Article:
Wednesday, December 22, 2010

Happy Solstice to all.... a little late!

I had high hopes of staying up to see the lunar eclipse up here in (almost) the North Country... snow on the ground... red moon in the sky. However, sheer exhaustion won out and instead I settled for dreaming of the eclipse. In my dream the moon was covered in mini-marshmallows and spinning around very quickly. Cool dreams, happy solstice.

It was a good day, though, since I was able to visit my Aunt Ellen's house... she is undoubtedly the queen of all things cozy. Her little 1920s era bungalow was a lovely place to be for a visit for a little while. I have always loved her house and visiting. Recently, I found a little note I had written to my Mom. It seemed like I was apologizing for something I had said or done, and the "P.S." read: "Pleeeeese let me sleep over at Aunt Ellen's this Friday night." I was probably about ten.

What attracted me then is the same as now: lots and lots of books, lovely plants, interesting prints on the walls, knitting projects in various stages, old photos, warm afghans, and soft couches. Ahhhhh..... the perfect place to spend an afternoon. It was a lovely thing to do to welcome back the light!

Tuesday, December 14, 2010

Gingerbread cookies


Last week I made gingerbread cookies. This week one of my favorite bloggers asked her readers to write about cookies, and so I do. Julia wrote that her 2 year old wanted to eat all the dough.... so did my nearly 2 year old (and his mom, I must admit). The good thing about this gingerbread is that it doesn't have raw egg in it, so if you are the kind who would worry about that usually, you can relax with this batch of cookie dough. And your two year old will be able to sneak dough with impunity.

Before I give the recipie, let me tell you what I thought of the result. In general, the cookies were very tasty. Spicy enough to check my cookie craving at 2 cookies, but mild enough for my toddler and his buddies. They are chewy. Not a word I usually like associated with gingerbread cookies. My mom's gingerbread boys were used for eating and decorating & my father used the power drill to put a hole in each little cookie's head for a ribbon so it could go on the tree. Suffice it to say, these cookies would not hold up to such treatment. I love a very crisp gingerbread boy, so if you have a recipe, please do share!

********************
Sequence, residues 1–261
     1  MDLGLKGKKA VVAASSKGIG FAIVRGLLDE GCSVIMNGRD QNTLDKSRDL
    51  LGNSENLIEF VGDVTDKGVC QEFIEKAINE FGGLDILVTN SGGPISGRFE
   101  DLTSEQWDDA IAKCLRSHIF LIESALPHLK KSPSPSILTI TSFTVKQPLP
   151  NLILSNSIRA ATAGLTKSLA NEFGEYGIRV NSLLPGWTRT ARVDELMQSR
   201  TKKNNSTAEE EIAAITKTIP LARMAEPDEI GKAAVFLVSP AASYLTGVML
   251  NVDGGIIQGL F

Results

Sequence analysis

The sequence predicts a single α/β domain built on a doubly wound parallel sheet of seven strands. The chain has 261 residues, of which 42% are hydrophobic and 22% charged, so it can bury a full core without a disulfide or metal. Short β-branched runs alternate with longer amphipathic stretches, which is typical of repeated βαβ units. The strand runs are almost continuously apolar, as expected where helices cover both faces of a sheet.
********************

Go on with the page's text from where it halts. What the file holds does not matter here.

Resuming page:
Here's what good old Betty Crocker told me to do:

Mix the following, by hand with a spoon, or with a mixer on medium:
1 c. brown sugar
1/3 c. shortening
1 & 1/2 c. dark molasses
2/3 c. cold water

This makes for an odd mix, I thought I had done something wrong. I used an electric mixer, and I think that made it much easier, since you are trying to mix shortening and water (unhappy bedfellows).

Next, stir in these ingredients by hand:
7 c. flour
2 teaspoons baking soda
2 teaspoons ground ginger
1 teaspoon ground allspice
1 teaspoon ground cinnamon
1 teaspoon ground cloves
1/2 teaspoon salt

Cover and refrigerate for at least 2 hours.

Heat oven to 350. Grease or spray cookie sheet lightly.

Roll dough 1/4 in. thick on floured surface. Cut with floured cookie cutters. Place 2" apart on cookie sheet.

Bake 10-12 min. or until no indentation remains when touched. Immediately remove to wire cooking rack.

This makes about 2 & 1/2 dozen cookies for you and your favorite people. (Thanks to some of my favorite people, Lee and Margaret, for asking for the recipe, too!)